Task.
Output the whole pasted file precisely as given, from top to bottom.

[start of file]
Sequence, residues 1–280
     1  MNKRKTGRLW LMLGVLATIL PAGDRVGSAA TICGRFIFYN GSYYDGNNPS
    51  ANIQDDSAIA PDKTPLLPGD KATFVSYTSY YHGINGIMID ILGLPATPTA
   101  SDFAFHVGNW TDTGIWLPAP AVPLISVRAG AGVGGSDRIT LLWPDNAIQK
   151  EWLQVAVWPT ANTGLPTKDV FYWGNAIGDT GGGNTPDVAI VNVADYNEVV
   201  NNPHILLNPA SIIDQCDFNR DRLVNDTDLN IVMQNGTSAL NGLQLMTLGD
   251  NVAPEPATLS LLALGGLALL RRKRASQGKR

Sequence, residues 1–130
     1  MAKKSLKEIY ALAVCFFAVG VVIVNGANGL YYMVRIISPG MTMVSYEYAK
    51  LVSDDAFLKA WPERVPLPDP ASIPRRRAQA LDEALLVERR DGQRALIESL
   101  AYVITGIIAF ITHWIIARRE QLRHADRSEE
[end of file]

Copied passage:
Sequence, residues 1–280
     1  MNKRKTGRLW LMLGVLATIL PAGDRVGSAA TICGRFIFYN GSYYDGNNPS
    51  ANIQDDSAIA PDKTPLLPGD KATFVSYTSY YHGINGIMID ILGLPATPTA
   101  SDFAFHVGNW TDTGIWLPAP AVPLISVRAG AGVGGSDRIT LLWPDNAIQK
   151  EWLQVAVWPT ANTGLPTKDV FYWGNAIGDT GGGNTPDVAI VNVADYNEVV
   201  NNPHILLNPA SIIDQCDFNR DRLVNDTDLN IVMQNGTSAL NGLQLMTLGD
   251  NVAPEPATLS LLALGGLALL RRKRASQGKR

Sequence, residues 1–130
     1  MAKKSLKEIY ALAVCFFAVG VVIVNGANGL YYMVRIISPG MTMVSYEYAK
    51  LVSDDAFLKA WPERVPLPDP ASIPRRRAQA LDEALLVERR DGQRALIESL
   101  AYVITGIIAF ITHWIIARRE QLRHADRSEE